Their starting point in Latin America was usually the problem Gustavo Gutiérrez described: poverty—and then what to do about it. My starting point has been among various expressions of liberation theology, social gospel or the preferential option for the poor, and aligning myself with similarly-inspired actions. Hence my support for political options like those taken in Cuba, Venezuela, Bolivia and most recently (and still tentatively) Peru, and movements like the MST (landless people) in Brazil and the Zapatistas in Mexico. Those movements may not set out to be anti-imperialist, but to the extent that they are opposed by capitalism and its proponents, they must become anti-imperialist.

Gail Walker (left) of Pastors for Peace speaks to a gathering at College Street United Church in Toronto in July 2018.

By way of conclusion, some ways to connect with others who work in solidarity with people in Cuba.

Pastors for Peace and the larger coalition of which it is part, the Intereligious Foundation for Community Organization (IFCO), are based in New York City and led mostly by African-American and Latinx people. P4P has done a superb job of undercutting the US blockade of Cuba by simply breaking it: people go to Cuba in caravans, provide aid, and support US students to study medicine in Cuba. You can join their mailing list here for updates on Cuba.

In Canada, there are a variety of solidarity networks, including the Canadian Network on Cuba and the Canadian-Cuban Solidarity Association (CCFA) that promote friendship and share information. CUBAbility, a Toronto-based group, sends musical instruments and other aid. Some churches (notably The United Church of Canada) and trade unions work with partners in Cuba.

Cuba V – Moving forward on LGBTI rights 

“I am never afraid to show my true colours because I prefer to be hated for what I am than to be loved for what I am not.”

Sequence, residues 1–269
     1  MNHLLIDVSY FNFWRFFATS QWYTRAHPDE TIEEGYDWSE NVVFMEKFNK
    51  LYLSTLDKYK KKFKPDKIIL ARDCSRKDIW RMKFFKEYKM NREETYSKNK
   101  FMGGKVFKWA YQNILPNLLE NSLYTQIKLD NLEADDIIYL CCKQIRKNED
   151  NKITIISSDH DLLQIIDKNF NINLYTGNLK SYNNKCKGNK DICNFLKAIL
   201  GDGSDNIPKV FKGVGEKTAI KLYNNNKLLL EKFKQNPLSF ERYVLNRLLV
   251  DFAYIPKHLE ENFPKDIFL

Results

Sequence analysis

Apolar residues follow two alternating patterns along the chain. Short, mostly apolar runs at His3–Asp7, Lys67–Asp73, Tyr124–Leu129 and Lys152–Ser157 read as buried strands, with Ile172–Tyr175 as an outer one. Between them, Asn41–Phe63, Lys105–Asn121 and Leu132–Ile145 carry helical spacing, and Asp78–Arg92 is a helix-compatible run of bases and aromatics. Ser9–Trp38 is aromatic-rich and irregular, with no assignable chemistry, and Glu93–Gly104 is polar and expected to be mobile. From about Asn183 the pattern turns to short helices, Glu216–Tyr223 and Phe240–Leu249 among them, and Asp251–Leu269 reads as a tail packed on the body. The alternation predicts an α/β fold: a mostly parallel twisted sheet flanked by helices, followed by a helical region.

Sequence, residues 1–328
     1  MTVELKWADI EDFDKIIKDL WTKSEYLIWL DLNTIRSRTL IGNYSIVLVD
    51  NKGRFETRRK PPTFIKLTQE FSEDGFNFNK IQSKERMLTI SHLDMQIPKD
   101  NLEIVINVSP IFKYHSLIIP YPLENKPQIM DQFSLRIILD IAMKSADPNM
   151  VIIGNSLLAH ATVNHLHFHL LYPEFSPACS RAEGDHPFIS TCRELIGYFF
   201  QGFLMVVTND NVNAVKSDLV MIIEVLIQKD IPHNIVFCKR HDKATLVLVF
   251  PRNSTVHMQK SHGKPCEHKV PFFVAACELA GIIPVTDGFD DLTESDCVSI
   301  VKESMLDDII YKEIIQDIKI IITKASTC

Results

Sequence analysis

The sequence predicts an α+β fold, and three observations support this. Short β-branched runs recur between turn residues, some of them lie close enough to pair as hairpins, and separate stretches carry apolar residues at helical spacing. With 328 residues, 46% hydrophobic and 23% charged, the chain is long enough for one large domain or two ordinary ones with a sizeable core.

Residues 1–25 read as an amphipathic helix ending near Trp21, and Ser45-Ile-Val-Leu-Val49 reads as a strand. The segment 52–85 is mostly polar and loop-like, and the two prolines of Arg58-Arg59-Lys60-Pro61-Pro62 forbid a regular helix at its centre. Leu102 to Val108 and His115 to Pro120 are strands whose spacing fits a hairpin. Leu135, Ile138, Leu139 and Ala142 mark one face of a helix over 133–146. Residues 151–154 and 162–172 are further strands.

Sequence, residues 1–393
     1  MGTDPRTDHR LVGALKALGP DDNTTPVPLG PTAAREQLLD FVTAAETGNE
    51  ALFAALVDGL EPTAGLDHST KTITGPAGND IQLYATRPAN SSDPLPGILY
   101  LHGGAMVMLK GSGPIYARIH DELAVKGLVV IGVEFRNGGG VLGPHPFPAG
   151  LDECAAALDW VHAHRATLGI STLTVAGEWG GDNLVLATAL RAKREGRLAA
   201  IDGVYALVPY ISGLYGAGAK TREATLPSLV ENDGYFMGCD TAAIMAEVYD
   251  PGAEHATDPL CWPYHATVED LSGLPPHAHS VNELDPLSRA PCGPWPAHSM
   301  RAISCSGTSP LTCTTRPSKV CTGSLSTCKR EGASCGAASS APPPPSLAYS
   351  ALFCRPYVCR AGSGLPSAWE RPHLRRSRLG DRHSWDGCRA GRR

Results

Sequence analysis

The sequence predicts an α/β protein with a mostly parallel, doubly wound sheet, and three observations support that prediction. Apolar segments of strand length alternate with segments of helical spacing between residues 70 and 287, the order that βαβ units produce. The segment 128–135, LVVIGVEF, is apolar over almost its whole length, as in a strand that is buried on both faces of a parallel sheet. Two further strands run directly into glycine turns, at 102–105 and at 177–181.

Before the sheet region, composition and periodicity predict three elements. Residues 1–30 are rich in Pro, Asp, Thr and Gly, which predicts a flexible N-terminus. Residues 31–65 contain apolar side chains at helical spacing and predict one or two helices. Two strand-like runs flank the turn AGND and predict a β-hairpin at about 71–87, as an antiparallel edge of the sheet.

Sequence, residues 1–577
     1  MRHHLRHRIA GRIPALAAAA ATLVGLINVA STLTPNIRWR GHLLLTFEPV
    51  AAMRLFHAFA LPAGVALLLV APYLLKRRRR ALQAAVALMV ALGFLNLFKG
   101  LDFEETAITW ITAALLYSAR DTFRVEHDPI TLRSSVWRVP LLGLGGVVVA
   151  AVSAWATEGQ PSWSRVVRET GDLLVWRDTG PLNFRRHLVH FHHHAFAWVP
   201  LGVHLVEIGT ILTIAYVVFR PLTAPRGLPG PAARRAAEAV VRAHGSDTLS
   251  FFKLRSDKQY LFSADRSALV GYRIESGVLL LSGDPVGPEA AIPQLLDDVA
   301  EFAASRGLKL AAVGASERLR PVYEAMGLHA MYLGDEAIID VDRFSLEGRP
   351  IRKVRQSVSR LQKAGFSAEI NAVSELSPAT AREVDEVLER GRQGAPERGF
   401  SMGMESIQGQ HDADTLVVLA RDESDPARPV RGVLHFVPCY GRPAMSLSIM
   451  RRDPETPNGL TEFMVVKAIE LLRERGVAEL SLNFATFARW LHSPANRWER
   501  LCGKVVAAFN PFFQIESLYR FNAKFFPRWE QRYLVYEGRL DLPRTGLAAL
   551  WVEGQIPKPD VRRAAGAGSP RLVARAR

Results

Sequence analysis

In Matanzas, beginning in 2013, a group of LBGTI artists built an alliance with the Afro-Cuban population in their barrio, Pueblo Nuevo. Together, they got permissions and funding to restore a historic building and clear a rubbish-filled street so as to create a new street: The Callejón de las Tradiciones. The Christian Centre for Reflection and Dialogue supported the AfroAtenAs project, and opened a channel to the Embassy of Canada in Cuba, whose development office provided financial support.
 

The commission that is drafting Cuba’s new family law—the “Código de las Familias” that will allow same-sex marriage—is near the end of its work. On Sept. 7, the government announced that the new law will be brought to the National Assembly of People’s Power for approval, and then be put to referendum. 

A day earlier, the commission heard from Rev. Dr. Ofelia Ortega. Now 85, Ofelia has been a leading proponent of change, speaking out while many other religious leaders are either afraid to engage or are opposed to change. 

Ofelia speaks at an event marking the 70th anniversary of the Matanzas seminary in October 2016. 
In 1967, Ofelia Ortega was the first woman to be ordained in Cuba’s Presbyterian-Reformed Church. She served the World Council of Churches as its theological education secretary from 1988 to 1997. She returned to Cuba to serve as rector of the Matanzas seminary, and later created the “Christian Institute for Gender Studies.” The institute provides space for reflection, training and exchange on issues related to gender justice in Cuba and throughout the Caribbean and Latin America. Ofelia has also served in Cuba’s parliament (the National Assembly of People’s Power) and as president for Latin America of the WCC.

A decade of debate is likely to produce a law that is broadly inclusive—not just of equal marriage and common-law unions, but of the wide variety of family relationships in Cuba. Drafters speak of “ethical and spiritual values,” and of content that is legal and also educational. In her presentation, Ofelia said that beyond the legal issues, this is “a question of life.”

Some recent examples of the debate may be found in Spanish in Cubadebate (“human dignity as the basis for rights”) and Juventud Rebelde (“confronting myths about sexuality”).